On July 8, 1997, Richards was convicted of first-degree murder. He was sentenced to 25 years to life in prison.

His conviction was upheld on appeal in 2000.

In 2001, the California Innocence Project at California Western School of Law began re-investigating the case. In 2007, a state petition for a writ of habeas corpus was filed on behalf of Richards. The petition claimed that tests on the cinder block used to smash Pamela’s skull identified a male DNA that was not Richards’. DNA testing on hair from under Pamela’s fingernails also excluded Richards.

Moreover, the autopsy photograph depicting the alleged bitemark was examined and was determined to be distorted. Once the distortion was corrected, defense bitemark experts concluded that Richards was not responsible for the bitemark, according to affidavits from the experts.

And finally, Dr. Sperber recanted his trial testimony that only 1 or 2 percent of the population had Richards’ dental irregularity. “These percentages were based on my own experience and were not scientifically accurate,” he said in an affidavit for the petition. He also retracted the central conclusion of his trial testimony: “With the benefits of all of the photographs (of the crime scene and Pamela’s injuries) and with my added experience, I would not now testify as I did in 1997, and I cannot now say with certainty that the injury on the victim’s hand is a human bitemark injury.”

At the conclusion of an evidentiary hearing in 2009, San Bernardino County Superior Court Judge Brian McCarville vacated Richards’ conviction saying the evidence pointed “unerringly” to innocence.

The prosecution appealed the ruling and in 2012 the California Supreme Court, by a 4-to-3 vote, reversed the trial court’s ruling because Dr. Sperber’s recantation did not fit the state’s legal definition of “false evidence” that would allow Richards to mount a successful post-conviction challenge to his conviction.

In response, the California Legislature, in a 2014 act called the Bill Richards Bill, amended the state criminal code to state the “false evidence” should also “include opinions of experts that have either been repudiated by the expert who originally provided the opinion at a hearing or trial or that have been undermined by later scientific research or technological advances.”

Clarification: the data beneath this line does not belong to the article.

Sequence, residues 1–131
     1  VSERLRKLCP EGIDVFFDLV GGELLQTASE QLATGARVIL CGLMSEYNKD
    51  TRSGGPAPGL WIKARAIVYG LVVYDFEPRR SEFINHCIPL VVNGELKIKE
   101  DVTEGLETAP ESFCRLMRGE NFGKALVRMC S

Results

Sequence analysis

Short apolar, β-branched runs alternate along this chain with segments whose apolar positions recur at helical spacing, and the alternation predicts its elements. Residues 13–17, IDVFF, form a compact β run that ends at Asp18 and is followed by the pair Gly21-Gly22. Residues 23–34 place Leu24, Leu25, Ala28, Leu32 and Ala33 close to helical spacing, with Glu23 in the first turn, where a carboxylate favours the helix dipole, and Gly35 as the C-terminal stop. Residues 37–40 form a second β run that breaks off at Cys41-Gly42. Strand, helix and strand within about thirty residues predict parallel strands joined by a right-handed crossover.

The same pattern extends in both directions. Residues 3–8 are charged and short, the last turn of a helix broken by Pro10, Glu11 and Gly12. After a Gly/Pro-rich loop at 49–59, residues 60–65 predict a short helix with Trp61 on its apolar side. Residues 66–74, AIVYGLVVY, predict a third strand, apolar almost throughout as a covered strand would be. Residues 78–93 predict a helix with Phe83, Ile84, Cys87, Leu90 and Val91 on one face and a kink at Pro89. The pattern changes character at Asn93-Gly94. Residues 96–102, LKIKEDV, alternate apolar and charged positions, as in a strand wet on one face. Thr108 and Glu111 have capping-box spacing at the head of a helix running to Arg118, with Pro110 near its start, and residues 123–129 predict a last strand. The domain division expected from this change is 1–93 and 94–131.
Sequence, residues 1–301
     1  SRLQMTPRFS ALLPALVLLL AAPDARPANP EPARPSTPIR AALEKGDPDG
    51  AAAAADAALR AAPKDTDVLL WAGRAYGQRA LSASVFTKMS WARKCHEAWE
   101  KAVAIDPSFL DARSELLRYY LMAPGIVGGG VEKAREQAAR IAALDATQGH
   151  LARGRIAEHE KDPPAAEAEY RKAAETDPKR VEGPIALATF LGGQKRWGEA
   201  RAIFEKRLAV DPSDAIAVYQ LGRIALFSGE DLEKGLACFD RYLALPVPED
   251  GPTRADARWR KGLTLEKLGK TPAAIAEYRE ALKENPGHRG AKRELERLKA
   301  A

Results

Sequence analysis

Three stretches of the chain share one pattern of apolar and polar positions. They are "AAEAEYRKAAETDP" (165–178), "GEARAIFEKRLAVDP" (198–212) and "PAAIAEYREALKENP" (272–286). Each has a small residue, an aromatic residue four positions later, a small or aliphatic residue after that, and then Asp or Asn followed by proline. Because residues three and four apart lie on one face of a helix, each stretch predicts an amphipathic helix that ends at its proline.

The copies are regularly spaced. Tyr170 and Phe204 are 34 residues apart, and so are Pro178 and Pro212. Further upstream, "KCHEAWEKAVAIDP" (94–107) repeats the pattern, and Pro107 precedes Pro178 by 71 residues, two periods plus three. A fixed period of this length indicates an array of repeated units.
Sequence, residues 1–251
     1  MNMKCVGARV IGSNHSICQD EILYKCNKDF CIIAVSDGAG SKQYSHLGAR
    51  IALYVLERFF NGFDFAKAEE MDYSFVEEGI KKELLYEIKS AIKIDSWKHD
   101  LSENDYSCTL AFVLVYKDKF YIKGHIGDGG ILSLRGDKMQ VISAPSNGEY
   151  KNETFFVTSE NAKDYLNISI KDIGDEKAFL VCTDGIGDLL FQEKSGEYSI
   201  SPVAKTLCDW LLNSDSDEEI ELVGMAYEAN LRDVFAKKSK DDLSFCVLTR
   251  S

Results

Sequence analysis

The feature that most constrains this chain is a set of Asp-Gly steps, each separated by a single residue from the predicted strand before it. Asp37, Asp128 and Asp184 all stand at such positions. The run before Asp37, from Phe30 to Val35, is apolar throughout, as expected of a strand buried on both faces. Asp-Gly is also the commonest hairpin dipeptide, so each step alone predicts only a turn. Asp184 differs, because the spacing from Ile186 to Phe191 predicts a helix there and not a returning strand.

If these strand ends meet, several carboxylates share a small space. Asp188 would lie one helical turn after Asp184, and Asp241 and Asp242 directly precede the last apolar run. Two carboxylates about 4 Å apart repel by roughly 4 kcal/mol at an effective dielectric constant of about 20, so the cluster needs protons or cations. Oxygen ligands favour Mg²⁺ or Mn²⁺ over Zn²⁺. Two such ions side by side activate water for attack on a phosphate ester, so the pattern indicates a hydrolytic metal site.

A new state petition for a writ of habeas corpus was filed on behalf of Richards and in May 2016, the California Supreme Court granted the writ and vacated Richards’s conviction.

The court agreed that Sperber’s testimony was false, that the bitemark evidence was critical to the conviction, and there was a reasonable probability that without that evidence Richards would not have been convicted.

Richards was released from prison on June 21, 2016 and on June 28, 2016, the San Bernardino County District Attorney’s Office dismissed the charge.

In March 2017, Richards filed a federal civil rights lawsuit against San Bernardino County and Sperber. In September 2019, the federal lawsuit was dismissed. In June 2021, a San Bernardino County Superior Court judge declared Richards factually innocent. In July 2021, Richards was awarded $1,165,920 in compensation from the state of California. In June 2022, the Ninth Cirrcuit U.S. Court of Appeals reinstated his federal lawsuit.

– Maurice Possley

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Posting Date: 7/1/2016
Last Updated: 7/1/2022
County:San Bernardino
Most Serious Crime:Murder
Additional Convictions:
Reported Crime Date:1993
Sentence:25 to life
Age at the date of reported crime:43
Contributing Factors:False or Misleading Forensic Evidence
Did DNA evidence contribute to the exoneration?:Yes*